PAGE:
Felony Fraud Laws

The crime of fraud must include an intentional, willful plan to use deception to either harm others or to benefit personally. Many acts that are considered fraud would be on a misdemeanor level, either by a single instance, or by involving an item of small value. To make a felony fraud charge, the fraud needs to be on a large scale of fraudulent activity.

Most fraud charges that are felonies involve government agencies or goods of substantial value, including money. The seriousness of the violation can be in terms of the pattern. If a person has committed a repeated practice of forging checks, or constantly overdrawing on their checking account knowing there is no money in it, they are more likely to be charged with a felony-level charge.

Felony Fraud Examples

Fraud can occur in many different ways. There are the traditional types, like mail fraud  or check fraud, where a criminal will obtain checks or mail from a victim and present those are if they are their own in order for personal gain. A check would have to be written for more than $250 to be a felony.

  • Insurance Fraud - Another form of felony fraud is insurance fraud. Any time a person files a claim against an insurance using false information or intentionally deceive the claim representative, they are committing a felony fraud.
  • Mortgage Fraud - Mortgage fraud is another way that people can be charged for a felony level fraud. Any person that knowingly obtains money deceptively for home mortgage totaling $200,000 becomes charged as a first-degree felon. This is the most serious felony, other than murder.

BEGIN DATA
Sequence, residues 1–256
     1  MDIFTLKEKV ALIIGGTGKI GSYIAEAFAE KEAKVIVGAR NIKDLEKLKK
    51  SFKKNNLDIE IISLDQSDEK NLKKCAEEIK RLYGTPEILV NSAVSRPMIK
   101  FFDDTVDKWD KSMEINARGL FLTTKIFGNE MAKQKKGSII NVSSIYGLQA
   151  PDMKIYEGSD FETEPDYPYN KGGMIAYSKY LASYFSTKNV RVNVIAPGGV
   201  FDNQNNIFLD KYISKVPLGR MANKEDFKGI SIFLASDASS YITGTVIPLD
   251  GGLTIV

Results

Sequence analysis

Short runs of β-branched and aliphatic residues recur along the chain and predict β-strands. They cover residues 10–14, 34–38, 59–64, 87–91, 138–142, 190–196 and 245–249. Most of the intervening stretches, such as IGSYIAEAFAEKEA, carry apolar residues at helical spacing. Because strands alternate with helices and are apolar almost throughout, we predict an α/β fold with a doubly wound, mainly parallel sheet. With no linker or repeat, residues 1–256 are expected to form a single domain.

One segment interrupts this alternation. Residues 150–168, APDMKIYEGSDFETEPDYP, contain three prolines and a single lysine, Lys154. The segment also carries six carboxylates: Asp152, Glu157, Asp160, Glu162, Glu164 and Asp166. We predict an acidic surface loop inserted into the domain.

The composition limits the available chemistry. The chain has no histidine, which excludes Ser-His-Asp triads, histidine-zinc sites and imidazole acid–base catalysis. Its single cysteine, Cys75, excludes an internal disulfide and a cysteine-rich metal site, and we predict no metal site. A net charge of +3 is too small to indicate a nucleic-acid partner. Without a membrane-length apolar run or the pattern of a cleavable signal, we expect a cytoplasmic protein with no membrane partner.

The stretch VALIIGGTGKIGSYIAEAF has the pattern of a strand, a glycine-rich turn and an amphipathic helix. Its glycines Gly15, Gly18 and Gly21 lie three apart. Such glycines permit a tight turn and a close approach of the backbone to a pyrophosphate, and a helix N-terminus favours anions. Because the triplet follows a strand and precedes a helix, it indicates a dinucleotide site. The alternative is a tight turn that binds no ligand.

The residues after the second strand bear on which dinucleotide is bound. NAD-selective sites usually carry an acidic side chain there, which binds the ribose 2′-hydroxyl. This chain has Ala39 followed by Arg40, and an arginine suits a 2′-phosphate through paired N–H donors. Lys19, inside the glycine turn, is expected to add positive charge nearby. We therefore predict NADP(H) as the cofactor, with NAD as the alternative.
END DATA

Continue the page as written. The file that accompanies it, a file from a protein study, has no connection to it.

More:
• Wire Fraud - Wire fraud is another form that involves any form of electronic communication. With the prevalence of the nearly instant access to the internet of today, crimes on electric formats like the internet are becoming an increasing part of the criminal community.

Felony Fraud Punishment

A conviction on this crime would leave a person expecting both jail time and fines. As a felony, it should be anticipated that the sentence would be at least one year, but in some cases of involving government agencies or extremely valuable items, sentences can go as high as 20 years.

Similarly to most crimes, if the person has a past involving felon convictions, there is likely to be a steeper sentence. If the fraud is something that was repeated on a large scale, then those times would be longer. In some mortgage fraud cases where loan processors devised grand networks to intentionally harm borrowers, they have been given life sentences for this kind of fraud.

In addition, Massachusetts courts are regularly handing out sentences for after their release from prison, which then require them to perform community service, but also may take away their right to vote, join the military, vote, or own and license a handgun.

Felony Fraud Defenses

It is always necessary to look at all of the information in the case before determining the best course of action.  A professional attorney knows how to investigate the evidence of the case and to see if there are any problems or issues with the primary items in the case.

By investigating all evidence and collection techniques they can assure you of a fair trial. If the person being charged can show that they did not know what they were taking pat in, and can show that they are a part of a bigger crime, then that has been shown to help their case.

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